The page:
The Mayan numerical system was vigesimal (20-base); symbols were given a value according to position and the concept of zero was known. Three symbols were used in writing numbers: a dot for one, a bar for five and a seashell for zero. This was the most common way of expressing mathematical computations.
Another mathematical system, more intricate and complex, was also employed. This one utilized glyphs representing assorted deities.
Fig. 1-1. One way of writing Mayan numbers. Each number from 1 to 12 is represented by the head of a different deity, while the glyphs for 13 through 19 are composites formed by adding part of the sign for 10 (the fleshless jaw of a skull) on the heads for 3 to 9. Some, but not all Mayan languages form the words for these numbers in just this way, with unique words for "eleven" and "twelve" but with "three" through "nineteen" combining the elements for the words "three" through "nine" with that for "ten."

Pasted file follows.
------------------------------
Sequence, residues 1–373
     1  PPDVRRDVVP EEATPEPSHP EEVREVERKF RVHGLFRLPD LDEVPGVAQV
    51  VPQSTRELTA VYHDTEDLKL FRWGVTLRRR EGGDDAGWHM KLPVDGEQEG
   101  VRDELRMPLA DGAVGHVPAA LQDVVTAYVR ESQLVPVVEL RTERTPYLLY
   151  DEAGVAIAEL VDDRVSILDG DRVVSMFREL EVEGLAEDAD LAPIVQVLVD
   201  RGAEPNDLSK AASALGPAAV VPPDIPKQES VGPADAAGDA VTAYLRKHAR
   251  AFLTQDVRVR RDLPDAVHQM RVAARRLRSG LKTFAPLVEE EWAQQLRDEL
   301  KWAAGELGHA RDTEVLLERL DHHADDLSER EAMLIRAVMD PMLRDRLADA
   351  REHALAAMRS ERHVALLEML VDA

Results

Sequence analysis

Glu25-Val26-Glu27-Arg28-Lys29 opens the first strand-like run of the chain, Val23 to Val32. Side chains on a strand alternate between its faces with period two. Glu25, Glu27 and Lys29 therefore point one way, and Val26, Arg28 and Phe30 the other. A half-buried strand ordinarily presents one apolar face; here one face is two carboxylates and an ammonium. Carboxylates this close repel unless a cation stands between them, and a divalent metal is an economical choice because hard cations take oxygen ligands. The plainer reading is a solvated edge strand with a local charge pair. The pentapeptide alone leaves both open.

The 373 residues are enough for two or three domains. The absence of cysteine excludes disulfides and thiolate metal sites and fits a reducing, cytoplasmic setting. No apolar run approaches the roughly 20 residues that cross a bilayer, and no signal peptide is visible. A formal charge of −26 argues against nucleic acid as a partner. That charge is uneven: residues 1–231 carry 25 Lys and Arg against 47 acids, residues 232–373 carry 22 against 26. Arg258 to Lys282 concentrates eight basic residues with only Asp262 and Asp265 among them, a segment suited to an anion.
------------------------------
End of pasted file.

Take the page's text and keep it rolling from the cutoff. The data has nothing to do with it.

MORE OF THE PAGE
Fig. 1-2. Maya numbers. The commonest method of writing numbers features a dot for 1 and a bar for 5. For numbers greater than 19, Maya place-notation employs a stylized sign (a shell in the painted books) for 0. The place system is vigesimal, so that the value of the places increases by 20 (reading up). For time calculation, however, a special convention sets the third place equal to 360 instead of 400.